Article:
The millions of Federal Emergency Management Agency dollars given to help local tornado victims recover from the recent storms come with a word of warning: If you receive money from FEMA and insurance agencies for the same losses, you will be asked to repay FEMA.
“In a perfect world, it wouldn’t happen,” FEMA spokesmen Greg Hughes said. “But we absolutely tell them there is that possibility.”
Known as recoupment, the process can happen more than a year after the event, if FEMA receives information that duplicate benefits were paid.
To avoid duplication, applicants are asked at registration if they have insurance. Generally, applicants are asked to submit a copy of their insurance settlement or their denial letter in writing before they are eligible for FEMA assistance.
Hughes said disaster victims can help by making sure they have all their insurance paperwork with them when they file for claims.
These days, FEMA has changed its processes to avoid such duplication, spokeswoman Rachel Racusen said. Most of the notices now being sent are for disasters that happened years ago, she said.
“Recoupment is a process that Congress requires FEMA and other federal agencies to undertake, and we understand it raises many concerns, especially among current disaster survivors,” Racusen said.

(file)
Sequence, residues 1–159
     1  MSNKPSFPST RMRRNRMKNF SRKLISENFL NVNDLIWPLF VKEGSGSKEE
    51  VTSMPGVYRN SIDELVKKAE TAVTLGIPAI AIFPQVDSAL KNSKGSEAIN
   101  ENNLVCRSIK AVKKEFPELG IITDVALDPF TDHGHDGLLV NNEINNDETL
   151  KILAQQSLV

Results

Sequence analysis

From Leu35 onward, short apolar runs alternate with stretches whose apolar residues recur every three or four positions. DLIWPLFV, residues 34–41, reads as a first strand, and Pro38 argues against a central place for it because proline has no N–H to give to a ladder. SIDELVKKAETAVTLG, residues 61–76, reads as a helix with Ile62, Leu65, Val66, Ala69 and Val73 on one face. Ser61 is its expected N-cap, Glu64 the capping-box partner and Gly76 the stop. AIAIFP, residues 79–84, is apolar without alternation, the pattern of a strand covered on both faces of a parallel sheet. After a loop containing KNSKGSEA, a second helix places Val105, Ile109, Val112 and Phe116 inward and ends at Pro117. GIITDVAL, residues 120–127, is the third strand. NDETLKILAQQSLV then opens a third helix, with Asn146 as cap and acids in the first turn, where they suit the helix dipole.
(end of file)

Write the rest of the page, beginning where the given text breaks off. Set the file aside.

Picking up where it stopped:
“But in recent years, we have worked to fix many of the errors that led to recoupment actions in previous disasters. Under our current leadership, strong protections have been put in place to greatly reduce the error rate of improper disaster payments.”
Mariann Martin covers healthcare in Chattanooga and the surrounding region. She joined the Times Free Press in February 2011, after covering crime and courts for the Jackson (Tenn.) Sun for two years. Mariann was born in Indiana, but grew up in Pennsylvania, Tennessee and Belize. She graduated from Union University in 2005 with degrees in English and history and has master’s degrees in international relations and history from the University of Toronto. While attending Union, ...